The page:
UK HealthCare

NICU Baby Changes Mom's Outlook on Motherhood

Photo of Caralina Brown
Photo of Caralina Brown
Caralina with Santa

LEXINGTON, Ky (May 9, 2019) Crystal Brown was having a textbook pregnancy. All prenatal exams and tests showed that her baby girl was growing on schedule. Until she wasn't.

A routine ultrasound at 27 weeks showed Crystal's baby was a week behind in growth. For Crystal and her husband Curtis, that didn't sound like such a big deal. They were referred to a diagnostic center in Lexington, over an hour away from their home in Stanford, for further tests. The results weren't good.

"I asked the doctor if he was looking at the right chart," said Crystal. "We had no prior indication that anything was wrong."

The diagnostic scans showed intrauterine growth restriction, meaning the baby was smaller than expected for its gestational age. Crystal's baby wasn't getting any nutrition from the placenta, and therefore wasn't growing.

A week later, Crystal had an emergency c-section. Her baby, Caralina, was born on July 13, 2018, three months early, and weighed only one pound, 11 ounces. She was transferred to UK's Betti Ruth Robinson Taylor Neonatal Intensive Care Unit which became the Browns' home away from home for the next six months.

Premature babies face a number of issues, from underdeveloped lungs to retinopathy, a condition characterized by disruption of the growth in the blood vessels of the eye. In the low-oxygen environment of the womb, the blood vessels grow from the center of the developing retina starting at the 16th week of gestation. When a baby is prematurely removed from the womb, the blood vessel growth is disrupted and the retina can detach from the rest of the eye, leading to permanent blindness. In October, Caralina had laser treatments and injections to correct the retinopathy, and while the condition has regressed, she's likely to have some vision issues such as limited peripheral vision.

"It is thought that babies who are born premature can only withstand so much treatment, but in my clinical experience babies are more resilient than parents realize," said Dr. Muralimohan Palla, one of the doctors who cared for Caralina in the NICU. "Caralina was one such example of resilience."

But Caralina's biggest challenge was yet to come.

Tetralogy of Fallot is a rare but serious condition caused by a combination of birth defects in the heart. In Caralina's case, she had a large hole in the wall that separates the heart's lower chambers called a ventricular septal defect. In a healthy heart, the right side pumps blood to the lungs to get oxygen, and the left side pumps the oxygen-rich blood back to the rest of the body. A hole between those two chambers allows the oxygenated blood to mix with the deoxygenated blood, which makes the heart have to work harder to provide enough oxygen to other tissues in the body. 

"A condition like this, children have what is called 'failure to thrive,'" said Dr. James Quintessenza, chief of pediatric cardiothoracic surgery. "The heart circulation is so inefficient. Babies burn so many calories trying to get the blood flowing that they aren't gaining weight."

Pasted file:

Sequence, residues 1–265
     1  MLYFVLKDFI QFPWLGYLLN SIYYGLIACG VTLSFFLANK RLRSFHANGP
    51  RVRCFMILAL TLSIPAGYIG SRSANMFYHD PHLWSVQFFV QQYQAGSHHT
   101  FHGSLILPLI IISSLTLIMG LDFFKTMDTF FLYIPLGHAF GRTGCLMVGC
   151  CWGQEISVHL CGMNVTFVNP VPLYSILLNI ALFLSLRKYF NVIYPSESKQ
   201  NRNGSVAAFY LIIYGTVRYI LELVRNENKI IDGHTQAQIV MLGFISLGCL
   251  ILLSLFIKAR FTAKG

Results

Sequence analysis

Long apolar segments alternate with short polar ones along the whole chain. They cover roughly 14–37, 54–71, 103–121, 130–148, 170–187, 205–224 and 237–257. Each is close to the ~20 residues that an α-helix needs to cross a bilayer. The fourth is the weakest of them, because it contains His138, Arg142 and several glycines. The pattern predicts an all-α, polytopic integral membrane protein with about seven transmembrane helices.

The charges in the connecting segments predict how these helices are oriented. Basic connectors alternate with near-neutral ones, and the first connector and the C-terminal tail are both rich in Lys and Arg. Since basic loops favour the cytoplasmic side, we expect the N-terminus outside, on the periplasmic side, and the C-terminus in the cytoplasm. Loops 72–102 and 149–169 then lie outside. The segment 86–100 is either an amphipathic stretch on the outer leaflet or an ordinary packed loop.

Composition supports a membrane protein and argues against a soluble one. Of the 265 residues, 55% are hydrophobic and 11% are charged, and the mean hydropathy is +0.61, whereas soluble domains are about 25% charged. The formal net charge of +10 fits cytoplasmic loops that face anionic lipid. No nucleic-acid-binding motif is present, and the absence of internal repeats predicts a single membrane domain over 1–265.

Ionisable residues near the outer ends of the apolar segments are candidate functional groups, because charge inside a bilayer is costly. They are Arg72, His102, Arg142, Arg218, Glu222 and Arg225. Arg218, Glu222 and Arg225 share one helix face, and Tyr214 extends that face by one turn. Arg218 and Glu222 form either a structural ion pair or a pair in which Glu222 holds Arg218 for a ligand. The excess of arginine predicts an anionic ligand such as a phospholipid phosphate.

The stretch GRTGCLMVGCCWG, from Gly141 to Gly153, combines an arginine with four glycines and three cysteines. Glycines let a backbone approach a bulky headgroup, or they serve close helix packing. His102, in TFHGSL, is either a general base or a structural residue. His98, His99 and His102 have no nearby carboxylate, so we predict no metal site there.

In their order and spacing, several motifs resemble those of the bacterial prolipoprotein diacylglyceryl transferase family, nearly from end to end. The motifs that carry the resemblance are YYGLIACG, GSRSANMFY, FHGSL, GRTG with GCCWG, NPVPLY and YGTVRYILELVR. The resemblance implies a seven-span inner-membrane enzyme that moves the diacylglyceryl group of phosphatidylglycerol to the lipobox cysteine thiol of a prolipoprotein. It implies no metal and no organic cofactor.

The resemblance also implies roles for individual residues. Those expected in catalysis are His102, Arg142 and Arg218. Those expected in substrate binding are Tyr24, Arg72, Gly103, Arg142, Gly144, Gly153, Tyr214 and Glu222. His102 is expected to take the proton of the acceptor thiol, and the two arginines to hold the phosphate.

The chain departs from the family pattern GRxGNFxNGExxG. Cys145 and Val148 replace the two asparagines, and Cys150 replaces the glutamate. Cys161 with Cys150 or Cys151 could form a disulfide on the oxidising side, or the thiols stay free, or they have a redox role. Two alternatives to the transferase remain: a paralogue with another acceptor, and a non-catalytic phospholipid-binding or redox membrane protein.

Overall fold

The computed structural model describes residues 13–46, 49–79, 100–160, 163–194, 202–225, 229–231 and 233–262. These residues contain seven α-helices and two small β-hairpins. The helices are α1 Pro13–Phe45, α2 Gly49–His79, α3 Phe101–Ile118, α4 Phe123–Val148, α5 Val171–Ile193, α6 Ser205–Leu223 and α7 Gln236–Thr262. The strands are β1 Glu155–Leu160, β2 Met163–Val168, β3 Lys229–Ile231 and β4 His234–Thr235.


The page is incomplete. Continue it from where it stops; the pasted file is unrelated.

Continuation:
So on Dec. 10, at five months old, little Caralina had open heart surgery to patch the hole.

For Crystal and her husband, the stress was nearly unbearable. Three months after Caralina was born, Crystal had to go back to work, limiting the number of hours she could spend at the hospital over an hour away. She and her husband would often have to leave work early to be present for Caralina's procedures and treatments. And with two other children at home, the stress was compounded.

"It was hard, between the kids at home and having normalcy for them, and our baby, who wouldn't have anybody there," said Crystal.

Crystal relied on the nurses and staff at UK Kentucky Children's Hospital to look after Caralina on days she couldn't be there. She became so close to the nurses that she learned their work schedules, and who would be there on any given day.

"Mrs. Brown had full trust in our NICU team, and was very confident that her little one was a fighter," said Dr. Palla.

On Christmas Eve, 165 days later, Crystal got the best Christmas present all - Caralina got to go home.

"It was an extra special Christmas," Crystal said. "I didn't have time to shop for the kids, and family, friends and the community chipped in and helped shop for my family. And getting to bring Caralina home was the icing on the cake. It was the best Christmas ever."

After a few weeks of post-surgery sternum precautions, Caralina is happy and healthy. Heart surgery delayed some of her developmental milestones, but she's growing and thriving. And as Mother's Day approaches, Crystal looks forward to celebrating an extra special day with Caralina.

"God first made me a mommy in 2009, and I have enjoyed so many wonderful Mother’s Days since, but this year is extra special for me," said Crystal. "Just when I thought I had it all figured out, she came along and has taught me even more about motherhood. She has showed me that life is so precious it’s worth fighting for."

Though she is a mother to two other children, it was Caralina who changed Crystal's outlook on motherhood.

"She’s the strongest girl I know, and has overcome so much," said Crystal. "I have seen Grace through her eyes and I have developed even more patience and balance than I thought I could ever have. Caralina has definitely showed our family a true miracle in the making, and sometimes you have to just slow down and take it one day at a time. I am blessed beyond measure to be their mommy."

UK is the University for Kentucky. At UK, we are educating more students, treating more patients with complex illnesses and conducting more research and service than at any time in our 150-year history. To read more about the UK story and how you can support continued investment in your university and the Commonwealth, go to: #uk4ky #seeblue